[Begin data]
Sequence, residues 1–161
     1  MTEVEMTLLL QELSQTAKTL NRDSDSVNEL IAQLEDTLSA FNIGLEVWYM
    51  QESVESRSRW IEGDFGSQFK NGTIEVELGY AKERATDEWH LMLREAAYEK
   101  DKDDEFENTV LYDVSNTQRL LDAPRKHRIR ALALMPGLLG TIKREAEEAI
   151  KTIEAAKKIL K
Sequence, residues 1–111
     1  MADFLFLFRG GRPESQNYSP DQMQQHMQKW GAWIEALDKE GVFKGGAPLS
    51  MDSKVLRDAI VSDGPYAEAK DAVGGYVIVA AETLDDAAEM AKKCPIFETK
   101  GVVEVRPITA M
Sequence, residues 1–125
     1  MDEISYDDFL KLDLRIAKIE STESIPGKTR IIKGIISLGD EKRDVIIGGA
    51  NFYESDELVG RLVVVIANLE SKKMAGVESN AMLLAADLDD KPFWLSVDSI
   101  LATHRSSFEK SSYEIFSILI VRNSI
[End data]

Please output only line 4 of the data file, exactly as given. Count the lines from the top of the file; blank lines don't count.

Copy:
   101  DKDDEFENTV LYDVSNTQRL LDAPRKHRIR ALALMPGLLG TIKREAEEAI